Jan. 30 (Bloomberg) -- Bondholders of Jefferson County, Alabama, began an effort in federal court to try to force the biggest municipality in bankruptcy to raise sewer rates enough to help cover more than $3 billion in defaulted debt.
Today’s court hearing opened a day after two county commissioners returned from New York, where they tried to negotiate an end to the bankruptcy case with a group of hedge funds, which includes Brigade Capital Management LLC and Claren Road Asset Management LLC, that hold more than $675 million in warrants backed by the sewer rates.
The meetings were “very, very constructive,” even though the two sides didn’t reach a deal, Commissioner Jimmie Stephens said in an interview yesterday. The county is waiting to hear back from the hedge funds before holding further talks, he said.
The fight that started today in U.S. Bankruptcy Court in Birmingham, Alabama, may affect the negotiations, Stephens said. A trustee for bondholders claims the county is refusing to boost sewer rates high enough to help cover the warrants and trying to use the bankruptcy case to unfairly impose losses on investors.
“By doing as little as possible and delaying as long as possible, the county is inflicting significant harm upon the trustee and warrantholders,” attorneys for the trustee said in court papers.
The trustee is asking U.S. Bankruptcy Judge Thomas Bennett for permission to sue the county in state court, where bondholders won a ruling in 2011 giving control of the sewer system to a receiver. Before the receiver could raise sewer rates by 25 percent, the county filed for bankruptcy and a federal judge returned control of the system to county officials.
Bondholders now want a 22 percent rate increase. They say that change, combined with the refinancing of some sewer debt at a lower interest rate, would minimize their losses.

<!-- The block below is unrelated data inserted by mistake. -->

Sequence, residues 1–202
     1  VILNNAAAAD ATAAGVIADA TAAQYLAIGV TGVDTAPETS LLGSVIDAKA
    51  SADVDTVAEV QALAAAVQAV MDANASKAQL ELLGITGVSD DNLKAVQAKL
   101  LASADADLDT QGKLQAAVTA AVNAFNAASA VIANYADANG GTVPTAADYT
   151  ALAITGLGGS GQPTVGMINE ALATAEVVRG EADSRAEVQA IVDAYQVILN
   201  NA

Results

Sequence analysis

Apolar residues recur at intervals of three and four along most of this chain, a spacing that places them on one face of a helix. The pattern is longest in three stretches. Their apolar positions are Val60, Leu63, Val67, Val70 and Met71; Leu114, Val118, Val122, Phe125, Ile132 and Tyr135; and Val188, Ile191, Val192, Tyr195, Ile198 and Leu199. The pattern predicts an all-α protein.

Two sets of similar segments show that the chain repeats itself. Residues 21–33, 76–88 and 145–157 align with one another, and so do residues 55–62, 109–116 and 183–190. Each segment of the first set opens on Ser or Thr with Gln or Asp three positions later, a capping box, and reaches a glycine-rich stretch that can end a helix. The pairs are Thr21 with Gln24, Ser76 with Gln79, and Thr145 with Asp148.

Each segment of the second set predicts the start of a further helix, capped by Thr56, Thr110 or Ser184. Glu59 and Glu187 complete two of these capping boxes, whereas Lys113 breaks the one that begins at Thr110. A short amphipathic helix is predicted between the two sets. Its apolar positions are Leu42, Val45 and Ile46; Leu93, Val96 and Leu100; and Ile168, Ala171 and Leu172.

Jefferson County adopted a 5.9 percent rate increase and may consider another boost, according to court documents. The county denied the trustee’s claim that it is limiting rate increases so that it can can negotiate bigger cuts it must repay on the sewer warrants.
Bondholders refused to participate when county commissioners held public hearings about the rate increase last year, county attorneys said.
“In lieu of any rational analysis of the approved rate structure or the resolution, the trustee relies on ad hominem attacks on the integrity of the county, its commission and its advisers,” the county said in a Jan. 25 court filing.
For months, the county and its major creditors have tried to negotiate a plan to cut the sewer debt and end the biggest-ever municipal U.S. bankruptcy.
In addition to Brigade and Claren Road, the hedge funds that hold sewer debt include Fundamental Advisors LP and Monarch Capital Master Partners LP. In court filings, they said the county could base a settlement on a pre-bankruptcy agreement that creditors and state and local elected officials failed to implement in 2011. After that failure, the county filed for bankruptcy.
That plan would have required Jefferson County residents to absorb three sewer rate increases of about 8.2 percent each and creditors to make more than $1 billion in concessions.
The plan also required Alabama lawmakers to pass laws that would help the county raise money and offer a qualified guarantee that warrant holders would be repaid. The Legislature didn’t pass any of the laws.
The hedge funds offered a new plan that would have cut the rate increases and saved money by refinancing the warrants at lower interest, according to a declaration filed by hedge fund financial adviser J. Soren Reynertson.
The case is In re Jefferson County, 11-05736, U.S. Bankruptcy Court, Northern District of Alabama (Birmingham).
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